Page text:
Tag Archives: Way Of Life

Reflections in a Pashtun Cinema

Photographer Omar Mullick has spent the last decade passing through the countries of Central Asia on assignment. Here, he reflects on his photographs of a Pashtun cinema in Karachi, a space he found defied the preconceived images of the region.

These photographs were created, if I am brutally honest, from a loss of faith. Not in my religion or way of life, but from my understanding in how the eye of documentary photography portrays the Muslim world.

I didn’t buy it: the blurred melancholy and humorless conviction with which we documented native, usually Muslim peoples. It did not resonate—not even slightly, and even if I registered good intention in the work, it never mitigated my feeling that there were a thousand ways of looking at people in the West and only one way of looking at other people on the brunt of war. They were often confined to one visual language, or, to extend the metaphor, one set of visual phrases: suffering, victimhood, violence and trauma. And in the effort to prompt outrage and underline how bad war was, their subjects were often confined to the ‘other’. More specifically, people never surfaced in photographs—only symbols of war. What resulted was the worst absence possible in a photograph of another person: empathy.

The resulting photographs were shot, I realize now, as a response to that.

They were taken in Karachi at a Pashtun cinema before I was scheduled for an embed in Afghanistan. Working on a project called Basetrack and a documentary film about a Pashtun runaway boy, the photos were snapped on my days off. This place was my retreat, just as it was the retreat for the subjects in my photographs. My work, I hoped, was a portrait of people as they collectively exhaled. And in that I also hoped they kept, modestly enough, the company of photographers that emphasized sympathy over a desire to continue the string of visual metaphor: Kuwayama’s doves at Mazar E Sharif, Balazs Gardi’s tender Afghan father holding his son or Ladefoged’s The Albanians.

Pashtuns are known by legend and myth as warmongers, kohl-eyed and unforgiving, even unconquerable patriarchs to the last man—the blood and muscle of the Taliban. Here, displaced and withdrawn from their beloved mountains and heaped en masse in Karachi’s urban sprawl, they came to this movie theater—feared by outsiders—to see films and hear songs in their native tongue. And I—with my personal stories of bloodlines running all the way to Kandahar and Waziristan—schoolboyishly wanted to lose myself in their fold.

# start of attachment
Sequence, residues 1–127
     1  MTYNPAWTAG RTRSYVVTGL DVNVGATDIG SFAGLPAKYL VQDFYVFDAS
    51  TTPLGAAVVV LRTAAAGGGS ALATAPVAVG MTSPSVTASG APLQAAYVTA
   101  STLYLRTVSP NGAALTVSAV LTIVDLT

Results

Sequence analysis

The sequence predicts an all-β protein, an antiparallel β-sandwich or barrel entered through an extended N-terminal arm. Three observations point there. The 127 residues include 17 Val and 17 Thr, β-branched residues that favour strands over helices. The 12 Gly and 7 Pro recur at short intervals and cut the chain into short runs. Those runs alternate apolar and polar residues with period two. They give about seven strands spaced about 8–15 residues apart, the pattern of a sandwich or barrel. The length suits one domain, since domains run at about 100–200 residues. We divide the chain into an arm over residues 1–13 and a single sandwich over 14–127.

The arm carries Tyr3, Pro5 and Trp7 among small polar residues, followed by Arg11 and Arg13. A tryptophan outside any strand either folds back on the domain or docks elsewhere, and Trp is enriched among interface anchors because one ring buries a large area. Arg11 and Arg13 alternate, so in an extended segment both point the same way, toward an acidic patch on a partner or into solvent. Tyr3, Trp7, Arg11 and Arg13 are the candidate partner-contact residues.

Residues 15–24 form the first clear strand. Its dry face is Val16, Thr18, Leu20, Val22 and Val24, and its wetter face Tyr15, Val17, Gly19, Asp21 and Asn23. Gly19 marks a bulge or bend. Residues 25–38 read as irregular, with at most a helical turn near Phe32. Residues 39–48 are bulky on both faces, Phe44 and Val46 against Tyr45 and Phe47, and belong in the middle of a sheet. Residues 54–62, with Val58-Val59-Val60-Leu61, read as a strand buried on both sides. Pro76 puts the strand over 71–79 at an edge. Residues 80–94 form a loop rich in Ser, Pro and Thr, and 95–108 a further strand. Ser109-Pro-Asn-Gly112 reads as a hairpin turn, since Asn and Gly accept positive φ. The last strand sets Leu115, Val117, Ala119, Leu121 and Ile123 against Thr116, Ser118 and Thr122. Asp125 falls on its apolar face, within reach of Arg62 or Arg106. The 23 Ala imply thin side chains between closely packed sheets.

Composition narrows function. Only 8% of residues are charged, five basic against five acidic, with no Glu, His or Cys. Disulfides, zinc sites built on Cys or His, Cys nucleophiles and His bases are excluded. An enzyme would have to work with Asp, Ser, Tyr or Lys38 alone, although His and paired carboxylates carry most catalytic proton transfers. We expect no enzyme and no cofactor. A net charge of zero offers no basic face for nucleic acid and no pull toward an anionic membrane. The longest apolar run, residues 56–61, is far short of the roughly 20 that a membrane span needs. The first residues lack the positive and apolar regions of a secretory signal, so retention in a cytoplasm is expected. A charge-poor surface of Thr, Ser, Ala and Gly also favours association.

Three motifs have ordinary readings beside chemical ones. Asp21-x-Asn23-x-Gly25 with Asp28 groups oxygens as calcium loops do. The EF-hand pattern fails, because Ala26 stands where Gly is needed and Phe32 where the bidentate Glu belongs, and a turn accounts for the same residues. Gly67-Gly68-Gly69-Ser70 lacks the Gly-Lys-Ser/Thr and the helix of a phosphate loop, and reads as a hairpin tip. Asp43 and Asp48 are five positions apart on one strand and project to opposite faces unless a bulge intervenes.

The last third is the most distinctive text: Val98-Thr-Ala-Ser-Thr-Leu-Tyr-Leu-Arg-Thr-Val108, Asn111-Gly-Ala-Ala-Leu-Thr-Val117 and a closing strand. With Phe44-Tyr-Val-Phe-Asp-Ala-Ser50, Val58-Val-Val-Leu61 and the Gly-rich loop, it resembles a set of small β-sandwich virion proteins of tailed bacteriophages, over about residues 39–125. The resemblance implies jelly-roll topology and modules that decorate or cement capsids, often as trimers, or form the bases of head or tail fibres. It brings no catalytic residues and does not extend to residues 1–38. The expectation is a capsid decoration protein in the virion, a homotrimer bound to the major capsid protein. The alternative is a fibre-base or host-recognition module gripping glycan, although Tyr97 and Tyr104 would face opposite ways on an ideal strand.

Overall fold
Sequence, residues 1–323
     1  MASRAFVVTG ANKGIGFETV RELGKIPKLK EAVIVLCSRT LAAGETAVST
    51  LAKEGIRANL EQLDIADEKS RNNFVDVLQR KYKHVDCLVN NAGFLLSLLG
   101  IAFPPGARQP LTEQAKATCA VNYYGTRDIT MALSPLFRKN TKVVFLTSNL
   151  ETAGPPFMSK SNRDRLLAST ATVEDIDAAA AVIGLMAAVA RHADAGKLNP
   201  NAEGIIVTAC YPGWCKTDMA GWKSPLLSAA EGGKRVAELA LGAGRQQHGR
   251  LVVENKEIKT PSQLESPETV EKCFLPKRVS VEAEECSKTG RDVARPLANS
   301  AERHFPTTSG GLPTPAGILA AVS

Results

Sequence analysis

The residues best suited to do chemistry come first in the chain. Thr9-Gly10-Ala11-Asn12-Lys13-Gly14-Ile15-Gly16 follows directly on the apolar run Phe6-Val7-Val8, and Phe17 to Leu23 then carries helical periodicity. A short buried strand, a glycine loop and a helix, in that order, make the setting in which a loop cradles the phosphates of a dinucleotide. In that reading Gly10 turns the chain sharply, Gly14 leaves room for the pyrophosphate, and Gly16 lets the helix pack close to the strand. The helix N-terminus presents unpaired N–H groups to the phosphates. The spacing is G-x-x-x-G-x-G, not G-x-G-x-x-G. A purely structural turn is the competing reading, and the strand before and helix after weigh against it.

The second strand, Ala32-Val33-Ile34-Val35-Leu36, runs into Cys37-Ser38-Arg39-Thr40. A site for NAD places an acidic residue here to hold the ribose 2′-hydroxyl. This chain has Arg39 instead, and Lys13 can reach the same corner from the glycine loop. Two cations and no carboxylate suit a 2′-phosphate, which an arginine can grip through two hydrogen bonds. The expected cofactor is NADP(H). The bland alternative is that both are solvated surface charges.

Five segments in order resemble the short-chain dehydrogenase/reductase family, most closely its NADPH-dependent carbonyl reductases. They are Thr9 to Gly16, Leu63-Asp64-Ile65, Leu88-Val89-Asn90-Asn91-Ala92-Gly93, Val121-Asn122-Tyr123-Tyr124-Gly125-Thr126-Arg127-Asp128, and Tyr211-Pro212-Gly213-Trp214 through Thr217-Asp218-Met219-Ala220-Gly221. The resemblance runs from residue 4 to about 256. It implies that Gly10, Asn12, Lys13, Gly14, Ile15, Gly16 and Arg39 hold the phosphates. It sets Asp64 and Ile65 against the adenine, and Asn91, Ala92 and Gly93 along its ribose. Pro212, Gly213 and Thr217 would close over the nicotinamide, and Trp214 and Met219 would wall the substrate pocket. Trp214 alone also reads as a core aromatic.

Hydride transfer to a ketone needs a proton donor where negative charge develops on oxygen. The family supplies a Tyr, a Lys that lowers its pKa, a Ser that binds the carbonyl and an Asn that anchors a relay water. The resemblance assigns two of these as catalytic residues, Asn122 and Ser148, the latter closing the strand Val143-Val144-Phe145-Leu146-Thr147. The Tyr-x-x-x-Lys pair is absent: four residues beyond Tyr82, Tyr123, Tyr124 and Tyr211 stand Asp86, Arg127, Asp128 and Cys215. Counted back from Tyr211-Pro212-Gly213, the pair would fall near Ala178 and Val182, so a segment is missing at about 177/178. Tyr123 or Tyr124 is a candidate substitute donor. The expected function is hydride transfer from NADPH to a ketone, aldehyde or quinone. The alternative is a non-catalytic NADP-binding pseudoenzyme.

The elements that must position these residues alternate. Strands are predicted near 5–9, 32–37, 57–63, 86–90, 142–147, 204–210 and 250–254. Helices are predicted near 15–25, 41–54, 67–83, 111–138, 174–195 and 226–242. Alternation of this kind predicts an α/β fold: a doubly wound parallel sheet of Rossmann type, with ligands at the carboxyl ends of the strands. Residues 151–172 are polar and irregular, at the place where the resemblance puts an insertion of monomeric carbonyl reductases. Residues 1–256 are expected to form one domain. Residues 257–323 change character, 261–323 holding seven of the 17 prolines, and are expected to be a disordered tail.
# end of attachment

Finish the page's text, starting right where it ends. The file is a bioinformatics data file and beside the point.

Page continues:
Men huddled and laughed in the aisles, smoking hash in advance of the film, people who saved their pennies for stale popcorn or samosas to be had in the intermission. Also men who, left alone, sat in the front aisles waiting in anticipation for a Pashto song to come on and then rushed the screen to dance against the projection to the song, cheered on by all. Runaway boys, who had made their way from Afghanistan or Waziristan to Karachi to pick trash by day, now chose the afternoon after Friday prayers to see a film. They preferred the sound of cinema to the buzzing drones that soundtracked their nightmares. Then there were the drug dealers, the boys looking to pick up johns by the bathrooms and the bulk of men who swore to kill any pedophiles they found taking advantage of children. But mostly it was of people at rest, disarmed. They were having fun.

These were men and young boys at ease enjoying themselves. In that they mirrored the loose pop flash photos I took of friends back home. I photographed the cinema barely looking through the viewfinder, the camera lofted above the fray and through ongoing laughs and phrases in Pashto, asking them what Waziristan looked like and who had been to Kandahar. And then I would shoot more, telling stories about my grandmother and her pride at being Pashtun and my mother’s own deep reservoirs of will and piety—markers they would surely recognize. In this recognition I found the most personal visual language I could muster.

Shoot them like you would your friends at home, I told myself: free of abstraction, their dignity intact. Shoot a portrait they might recognize of themselves, something they might love, something that may make them smile. At least once, let’s do that.

Shoot them as if your loss of faith in photography were redeemable, as if an image might actually be a chalice for humanity and you were all going to pass around the cup.

Shoot them as if your faith were already back.

Omar Mullick is a photographer and filmmaker based in New York City. He was an embedded photographer in the Basetrack project out of Afghanistan in 2011. His work on Muslims in America titled Can’t Take It With You received a solo show in 2009 at Gallery FCB in Chelsea, N.Y., and his recent film These Birds Walk was selected for 25 new faces of Independent Cinema in 2012.

Alexi Hobbs

Some photographers are born story tellers.  They make work that feels like a visit with an old friend, or a relative who is sharing memories of a life lived–a scrapbook of images that tell our stories.  Alexi Hobbs is one of those photographers. He has the gift of the narrative and brings us along on his insightful explorations of place and family.  His project, Hunters and Heirs, looks at family traditions and shared experiences that stem from a time of need, not want.